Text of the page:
Paul Krugman condenses our current democratic dysfunction into one pithy paragraph.
In principle, voters should judge politicians by their actions; they should support politicians who pursue policies that help them, oppose politicians whose policies would hurt them. To do this, however, voters should have a reasonably good idea of what policy is doing.
Krugman is focused on economic policy, but his evaluation of what voters know–very little–is equally true of other policy domains. As he says, In a sensible world–i.e., one that worked as envisioned– voters would have both “a reasonably accurate picture of what’s happening” and a basic understanding of what aspects of our lives are actually under politicians’ control.
As he points out, in the world we inhabit, neither of these things is true. (This observation echoes a popular meme making the Facebook rounds, to the effect that it’s easy to believe in conspiracies when you have no idea how things really work.)
Krugman uses the current gloom over the economy as an example.
Start with the state of the economy. You might be tempted to assume that in a world in which getting and spending occupies a large part of everyone’s life, people would have a pretty good sense of how the economy is doing, even if they aren’t familiar with national income accounting. In reality, however, economic perceptions are largely shaped by media coverage — and, increasingly, by partisanship.
Indeed, the role of partisan skew has gotten so large recently that the Michigan Survey of Consumers, probably the most influential gauge of economic perceptions, highlighted it in its most recent data release; you might say that the Michigan Survey has warned us not to trust the Michigan Survey.
He has appended a chart illustrating the wide differences in consumer sentiment among self-identified Democrats and Republicans since 2019. The chart shows–among other things- that today’s Republicans have a more negative assessment of economic conditions than they did in March 2009, when the country was in the depths of the financial crisis, a time when unemployment was at 8.7 percent and the economy was losing 800,000 jobs a month.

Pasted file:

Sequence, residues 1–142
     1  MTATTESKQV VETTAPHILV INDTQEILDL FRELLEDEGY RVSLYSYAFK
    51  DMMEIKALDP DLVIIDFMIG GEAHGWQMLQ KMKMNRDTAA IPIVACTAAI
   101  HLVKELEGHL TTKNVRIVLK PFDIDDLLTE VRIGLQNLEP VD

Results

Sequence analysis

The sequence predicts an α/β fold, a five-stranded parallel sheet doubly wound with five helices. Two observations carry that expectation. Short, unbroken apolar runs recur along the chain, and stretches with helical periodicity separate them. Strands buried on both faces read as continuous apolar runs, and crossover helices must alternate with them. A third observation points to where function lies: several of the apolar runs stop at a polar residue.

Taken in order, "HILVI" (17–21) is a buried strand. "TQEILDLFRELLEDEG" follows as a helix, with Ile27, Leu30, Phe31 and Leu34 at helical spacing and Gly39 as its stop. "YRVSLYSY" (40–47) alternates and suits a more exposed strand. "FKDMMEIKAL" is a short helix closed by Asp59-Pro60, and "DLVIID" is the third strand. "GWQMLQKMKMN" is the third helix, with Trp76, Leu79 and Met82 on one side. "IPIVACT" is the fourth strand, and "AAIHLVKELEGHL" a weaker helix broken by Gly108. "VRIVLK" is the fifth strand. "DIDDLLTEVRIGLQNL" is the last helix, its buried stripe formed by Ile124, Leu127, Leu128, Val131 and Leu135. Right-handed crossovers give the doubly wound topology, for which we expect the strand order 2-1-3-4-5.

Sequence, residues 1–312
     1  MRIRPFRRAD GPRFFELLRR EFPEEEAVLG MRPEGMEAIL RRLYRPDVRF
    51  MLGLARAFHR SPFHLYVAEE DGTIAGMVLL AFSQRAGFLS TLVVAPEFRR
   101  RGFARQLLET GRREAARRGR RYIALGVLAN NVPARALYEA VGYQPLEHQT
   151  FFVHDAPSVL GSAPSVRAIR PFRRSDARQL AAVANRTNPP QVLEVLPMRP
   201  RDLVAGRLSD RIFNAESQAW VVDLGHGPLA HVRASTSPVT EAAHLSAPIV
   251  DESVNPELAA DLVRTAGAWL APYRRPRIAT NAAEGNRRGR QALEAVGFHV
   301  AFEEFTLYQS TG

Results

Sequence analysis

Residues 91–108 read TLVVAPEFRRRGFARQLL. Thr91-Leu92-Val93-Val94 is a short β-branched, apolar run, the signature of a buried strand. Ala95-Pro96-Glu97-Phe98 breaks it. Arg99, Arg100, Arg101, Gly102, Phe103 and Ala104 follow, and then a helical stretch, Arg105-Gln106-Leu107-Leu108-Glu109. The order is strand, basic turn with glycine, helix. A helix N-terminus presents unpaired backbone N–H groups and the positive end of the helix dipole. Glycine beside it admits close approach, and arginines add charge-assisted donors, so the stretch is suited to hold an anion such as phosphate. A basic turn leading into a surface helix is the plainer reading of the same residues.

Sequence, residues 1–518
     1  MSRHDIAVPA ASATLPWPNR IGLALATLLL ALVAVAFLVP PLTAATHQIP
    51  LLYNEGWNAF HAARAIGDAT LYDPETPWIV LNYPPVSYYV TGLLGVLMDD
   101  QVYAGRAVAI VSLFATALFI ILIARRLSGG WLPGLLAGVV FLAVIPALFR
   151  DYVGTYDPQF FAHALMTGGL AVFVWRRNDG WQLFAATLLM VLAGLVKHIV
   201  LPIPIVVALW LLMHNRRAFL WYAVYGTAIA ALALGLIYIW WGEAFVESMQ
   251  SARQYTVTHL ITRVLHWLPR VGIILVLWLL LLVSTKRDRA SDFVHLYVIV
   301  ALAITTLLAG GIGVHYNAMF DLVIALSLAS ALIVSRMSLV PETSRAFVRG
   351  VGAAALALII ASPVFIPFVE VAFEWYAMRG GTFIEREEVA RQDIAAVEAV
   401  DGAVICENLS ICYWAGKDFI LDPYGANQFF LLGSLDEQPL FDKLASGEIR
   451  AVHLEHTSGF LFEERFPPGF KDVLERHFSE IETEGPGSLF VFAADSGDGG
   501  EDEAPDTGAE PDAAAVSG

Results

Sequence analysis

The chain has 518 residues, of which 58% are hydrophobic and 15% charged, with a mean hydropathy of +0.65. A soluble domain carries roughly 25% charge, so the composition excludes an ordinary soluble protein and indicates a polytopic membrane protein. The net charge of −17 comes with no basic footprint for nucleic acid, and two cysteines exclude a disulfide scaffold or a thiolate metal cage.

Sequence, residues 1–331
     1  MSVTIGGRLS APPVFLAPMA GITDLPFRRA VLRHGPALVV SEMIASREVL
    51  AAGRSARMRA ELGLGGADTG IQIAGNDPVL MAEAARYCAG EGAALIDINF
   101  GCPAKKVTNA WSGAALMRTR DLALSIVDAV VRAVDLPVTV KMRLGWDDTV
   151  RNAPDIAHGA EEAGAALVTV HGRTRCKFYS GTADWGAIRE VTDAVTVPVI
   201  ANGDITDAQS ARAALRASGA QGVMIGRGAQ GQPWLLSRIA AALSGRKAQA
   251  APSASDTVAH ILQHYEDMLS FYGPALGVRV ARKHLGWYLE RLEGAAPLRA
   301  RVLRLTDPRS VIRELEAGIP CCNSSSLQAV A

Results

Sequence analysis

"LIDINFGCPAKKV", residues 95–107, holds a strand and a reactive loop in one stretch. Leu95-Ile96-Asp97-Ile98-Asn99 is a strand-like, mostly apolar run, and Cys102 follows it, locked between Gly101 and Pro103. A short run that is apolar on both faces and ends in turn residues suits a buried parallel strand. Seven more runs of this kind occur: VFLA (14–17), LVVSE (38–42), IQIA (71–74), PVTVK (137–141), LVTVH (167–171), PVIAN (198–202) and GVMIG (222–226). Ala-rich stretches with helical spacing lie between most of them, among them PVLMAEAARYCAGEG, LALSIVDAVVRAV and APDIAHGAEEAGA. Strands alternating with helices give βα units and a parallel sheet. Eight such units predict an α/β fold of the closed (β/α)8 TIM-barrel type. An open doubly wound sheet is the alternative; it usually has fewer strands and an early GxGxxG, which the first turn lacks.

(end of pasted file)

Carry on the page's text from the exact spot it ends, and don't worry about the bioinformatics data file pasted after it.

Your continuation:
Other data confirms Krugman’s point that people’s views on the economy reflect what partisan media and their own political preferences are telling them; they show “a huge divergence between what people say about the state of the economy, which is quite negative on average, and what they say about their own personal finances.”
Then there’s the grousing about Biden and the increase in gas prices, despite the fact that the rise is global and Presidents have virtually no control over them.
So we’re living in a nation with many voters who seem to have both a distorted view of the state of the economy and false beliefs about what aspects of the economy politicians can affect. How is democracy supposed to function well under these conditions?…
The fact remains that public perceptions have become extremely disconnected from reality — economics is just one example. It’s a real conundrum. And if you’re waiting for me to propose solutions, well, not today.
That disconnect from reality is an absolutely foreseeable consequence of our national inability to know who and what we can trust.
The constant drumbeat about “fake news,” the willingness of far too many elected officials to lie through their teeth–not to mention their unwillingness to call a lie a lie–aided and abetted by media outlets engaged in propaganda rather than news, are all bad enough.But they would be far less effective if the population at large was minimally knowledgable–if people knew the basic facts about America’s legal framework, the rudiments of economic theory and the difference between science and religion.
When people who are ignorant of those basics are constantly told that the “legacy” news media is peddling falsehoods, that “others” are to be feared and their voices discounted, that the United States was founded as a “Christian Nation,” that scientific “theories” are nothing more than wild-ass guesses, and much more–they are far more susceptible to conspiracy theories and disinformation. Some of those theories are so far out–space lasers, pedophiles in charge of the federal government and similar lunacies–that most relatively sane people will reject them, but others–the President is in charge of prices at the gas pump, or the economy is not as robust as it looks–are far more likely to take hold.
When we no longer have Walter Cronkite (or reasonable clones) to trust, all bets are off.